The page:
EIGHT TIPS FOR PARENTS TO TEACH THEIR KIDS EMPATHY
- 03 Jun - 09 Jun, 2023
Roughhousing appears to be an accident waiting to happen at first glance. But this kind of play may benefit social skills and other areas as well. Your children are quietly reading or solving a puzzle one moment. Then, they're playing tug of war with a dish towel while chasing each other through the kitchen. They should probably leave the kitchen, in your opinion. Should you, however, return them to their books? Although reading has obvious advantages, may roughhousing also be advantageous?
Roughhousing, or rough and tumble play, is play that involves energetic, physical activity. Play fighting and wrestling are two examples. Sometimes roughhousing can be silly rather than aggressive such as a tickle fight. Roughhousing comes in many different forms:
• pushing and shoving
• pillow fighting
• rolling and tumbling
• jumping on the bed
• piggyback rides
It’s not just a way to burn off excess energy. Roughhousing can also be a valuable bonding opportunity for adults and kids.
For children, roughhousing comes naturally and frequently. While some kids would prefer to play in a less physical way, others enjoy rough and tumble activities. Play is linked to both emotional health and cognitive growth, according to 2018 research. Does rough play, however, offer the same advantages? Simply said, absolutely. When rough play is enjoyable, it can have many advantages. It's critical to distinguish between aggressive behaviour and rough and tumble play. Although most kids are aware that roughhousing isn't actually fighting, it can get worse when anger is present.
Some subtle differences you can watch out for include:
Rough and tumble play: Children are often smiling and laughing when playing. The contact is gentle and they are eager to participate.
You may notice that the child begins to cry and contact becomes hard and harsh. The child might try to dominate the other child and not want to play anymore. If you notice that the play has become more like “real fighting,” there are ways to manage this situation and calm emotions.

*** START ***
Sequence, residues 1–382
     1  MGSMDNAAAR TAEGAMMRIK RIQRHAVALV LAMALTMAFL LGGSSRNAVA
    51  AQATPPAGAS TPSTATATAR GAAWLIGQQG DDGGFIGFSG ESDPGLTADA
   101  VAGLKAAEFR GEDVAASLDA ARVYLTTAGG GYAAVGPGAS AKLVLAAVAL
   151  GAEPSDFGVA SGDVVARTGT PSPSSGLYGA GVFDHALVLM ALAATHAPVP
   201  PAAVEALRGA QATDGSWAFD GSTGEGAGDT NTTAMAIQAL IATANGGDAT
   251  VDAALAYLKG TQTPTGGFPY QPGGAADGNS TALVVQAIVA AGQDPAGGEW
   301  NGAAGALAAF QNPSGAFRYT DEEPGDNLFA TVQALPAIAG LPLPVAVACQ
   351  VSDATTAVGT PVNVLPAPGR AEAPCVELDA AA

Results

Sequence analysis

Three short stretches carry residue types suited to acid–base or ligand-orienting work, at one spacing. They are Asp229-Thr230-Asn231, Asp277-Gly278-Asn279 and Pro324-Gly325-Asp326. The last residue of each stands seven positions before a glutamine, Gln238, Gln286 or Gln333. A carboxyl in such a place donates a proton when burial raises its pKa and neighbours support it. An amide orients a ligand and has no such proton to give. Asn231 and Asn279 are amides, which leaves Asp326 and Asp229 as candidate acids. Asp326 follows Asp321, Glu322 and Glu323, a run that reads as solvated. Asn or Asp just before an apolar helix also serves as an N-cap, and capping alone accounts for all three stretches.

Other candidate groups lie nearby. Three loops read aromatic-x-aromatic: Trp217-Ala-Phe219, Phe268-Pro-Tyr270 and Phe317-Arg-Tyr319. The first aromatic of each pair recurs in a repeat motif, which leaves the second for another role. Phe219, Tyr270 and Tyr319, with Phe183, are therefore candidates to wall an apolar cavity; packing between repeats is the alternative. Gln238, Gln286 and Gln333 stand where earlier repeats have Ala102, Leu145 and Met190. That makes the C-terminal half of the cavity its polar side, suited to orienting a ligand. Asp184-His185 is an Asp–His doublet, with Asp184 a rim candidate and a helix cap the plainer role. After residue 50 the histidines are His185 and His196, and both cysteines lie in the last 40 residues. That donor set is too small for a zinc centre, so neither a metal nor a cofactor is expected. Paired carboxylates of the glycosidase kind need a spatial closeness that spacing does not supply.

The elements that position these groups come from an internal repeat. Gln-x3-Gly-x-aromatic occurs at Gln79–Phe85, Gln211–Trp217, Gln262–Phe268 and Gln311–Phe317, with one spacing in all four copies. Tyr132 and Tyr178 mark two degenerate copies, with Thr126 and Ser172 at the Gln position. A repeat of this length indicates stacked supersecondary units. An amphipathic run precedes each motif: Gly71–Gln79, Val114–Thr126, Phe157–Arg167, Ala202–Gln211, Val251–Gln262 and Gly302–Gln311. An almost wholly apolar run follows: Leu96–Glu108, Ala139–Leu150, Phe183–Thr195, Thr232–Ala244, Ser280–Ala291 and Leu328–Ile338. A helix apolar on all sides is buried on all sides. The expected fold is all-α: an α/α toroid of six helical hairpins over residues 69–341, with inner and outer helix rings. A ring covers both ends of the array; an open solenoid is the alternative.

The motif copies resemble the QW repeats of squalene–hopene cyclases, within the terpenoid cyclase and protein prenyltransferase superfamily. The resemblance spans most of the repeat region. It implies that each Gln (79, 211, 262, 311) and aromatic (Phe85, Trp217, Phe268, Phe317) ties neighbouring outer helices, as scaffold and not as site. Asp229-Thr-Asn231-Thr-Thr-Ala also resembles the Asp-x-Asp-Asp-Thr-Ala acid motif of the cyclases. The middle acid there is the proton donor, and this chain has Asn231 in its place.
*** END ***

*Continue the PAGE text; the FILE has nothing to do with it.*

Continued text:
It’s natural to worry about the chance of injury when your child roughhouses with others. It’s also important to think about the benefits, which can extend beyond extra exercise.
Roughhousing is a chance to practice some important self-regulation skills such as:
• impulse control
• emotional regulation
• sensory integration regulation
Fun roughhousing is physical enough to be challenging, but not enough to cause pain or injury. It’s often fast paced and requires focus. Rough and tumble play engages the senses and research from 2017Trusted Source suggests that it can provide several self-regulation developmental opportunities.
Rough and tumble play involves touch, which may impact brain development. A 2016 study of children 5 years old found that more maternal touch during play was linked to increased activity and connectivity in certain brain regions. This can lead to more development in what researchers call the “social brain.” Touch is a key part of secure attachment in early infancy and continues to be important throughout life. Healthy social touch may even protect against substance use disorder, according to research from 2019.
Children practice important social skills when they roughhouse. Non-verbal communication such as body language and facial expressions is an important part of play. Not only do kids convey feeling this way, but they also learn to pick up on the social cues of their playmates. This skill enables them to tell when a friend needs a break or the play is too rough. Picking up on these signals can help them learn about consent and boundaries.